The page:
Why S R Nathan was 'the man in the arena'

Mr Chan Chun Sing, Minister in the Prime Minister's Office, presenting a copy of Remembering S R Nathan: A Mentor For All Seasons to Mrs Nathan at the launch of the book at the National Library Building yesterday.
Mr Chan Chun Sing, Minister in the Prime Minister's Office, presenting a copy of Remembering S R Nathan: A Mentor For All Seasons to Mrs Nathan at the launch of the book at the National Library Building yesterday.ST PHOTO: SEAH KWANG PENG

New book of essays commemorates life and wide-ranging legacy of former president

A new book commemorating the life of the late former president S R Nathan describes him as a "mentor for all seasons".

But for Dr Kumar Ramakrishna, one of the two editors of the book, Mr Nathan is also undoubtedly "The Man In The Arena".

Speaking at the launch of the book titled Remembering S R Nathan: A Mentor For All Seasons yesterday, Dr Kumar likened the sixth president of Singapore to former United States president Theodore Roosevelt.

He quoted a notable passage, referred to as The Man In The Arena, from a famous speech given by Roosevelt in 1910: "It is not the critic who counts; not the man who points out how the strong man stumbles, or where the doer of deeds could have done them better.

"The credit belongs to the man who is actually in the arena, whose face is marred by dust and sweat and blood... who spends himself in a worthy cause."

Dr Kumar - a tenured associate professor and head of policy studies and coordinator of the National Security Studies Programme at the S. Rajaratnam School of International Studies (RSIS) - said learning about the trials and tribulations that Mr Nathan went through, such as the Laju ferry hijacking in the 1970s, has inspired his colleagues and him to "persevere and press on in the good fight".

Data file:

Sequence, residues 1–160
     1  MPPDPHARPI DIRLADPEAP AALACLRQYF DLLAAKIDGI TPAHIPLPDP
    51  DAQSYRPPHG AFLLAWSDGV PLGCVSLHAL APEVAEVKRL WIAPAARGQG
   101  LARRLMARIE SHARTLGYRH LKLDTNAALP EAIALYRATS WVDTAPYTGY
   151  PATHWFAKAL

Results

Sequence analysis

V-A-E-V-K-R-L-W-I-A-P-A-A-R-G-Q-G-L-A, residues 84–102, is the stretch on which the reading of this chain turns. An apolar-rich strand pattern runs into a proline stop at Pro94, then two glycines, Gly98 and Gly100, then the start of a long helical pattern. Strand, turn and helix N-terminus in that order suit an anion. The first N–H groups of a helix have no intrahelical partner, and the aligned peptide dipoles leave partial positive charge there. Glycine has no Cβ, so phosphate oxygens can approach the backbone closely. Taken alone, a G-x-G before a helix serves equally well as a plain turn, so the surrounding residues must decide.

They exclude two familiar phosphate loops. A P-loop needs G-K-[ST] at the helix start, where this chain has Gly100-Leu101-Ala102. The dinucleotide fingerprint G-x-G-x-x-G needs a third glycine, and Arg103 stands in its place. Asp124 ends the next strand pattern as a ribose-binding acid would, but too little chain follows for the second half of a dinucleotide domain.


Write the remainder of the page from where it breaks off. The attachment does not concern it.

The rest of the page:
This view was echoed by Mr Chan Chun Sing, Minister in the Prime Minister's Office, who was the guest of honour at the launch at the National Library Building in Victoria Street. He said Mr Nathan and his generation of pioneer leaders saw every new challenge as an opportunity to do something different and better. "None of them will ever ask, 'Has someone else done this before?' or 'Has there been a precedent for me to follow?' "

This is the kind of spirit that the younger generation hopes to emulate, said Mr Chan, who is also secretary-general of the National Trades Union Congress.

The 243-page book is a collection of essays that provide insights into the wide-ranging legacy Mr Nathan left - in the spheres of foreign service; security and intelligence; community building and social welfare; labour and trade unions; media; and research and academia.

Mr Mushahid Ali, a senior fellow at RSIS and also editor of the book, said Mr Nathan did not provide mentorship only to Singaporean subordinates. He cited Mr Kalimullah Hassan, a Malaysian contributor to the book, who recounted Mr Nathan's help in getting him a job as a Straits Times correspondent in Malaysia.

Ambassador-at-large Ong Keng Yong, who met Mr Nathan at the Ministry of Foreign Affairs in 1979, described him in the preface as the "grand Jedi of the special class of Singapore warriors, protecting our society from the dark side", borrowing an analogy from the Star Wars movie series.

The book is published by World Scientific Publishing and is available at Kinokuniya, Popular, MPH and Times at $85 for the hardcover edition, and $36 for the paperback version (both excluding GST).

A version of this article appeared in the print edition of The Straits Times on July 04, 2017, with the headline 'Why S R Nathan was 'the man in the arena''. Print Edition | Subscribe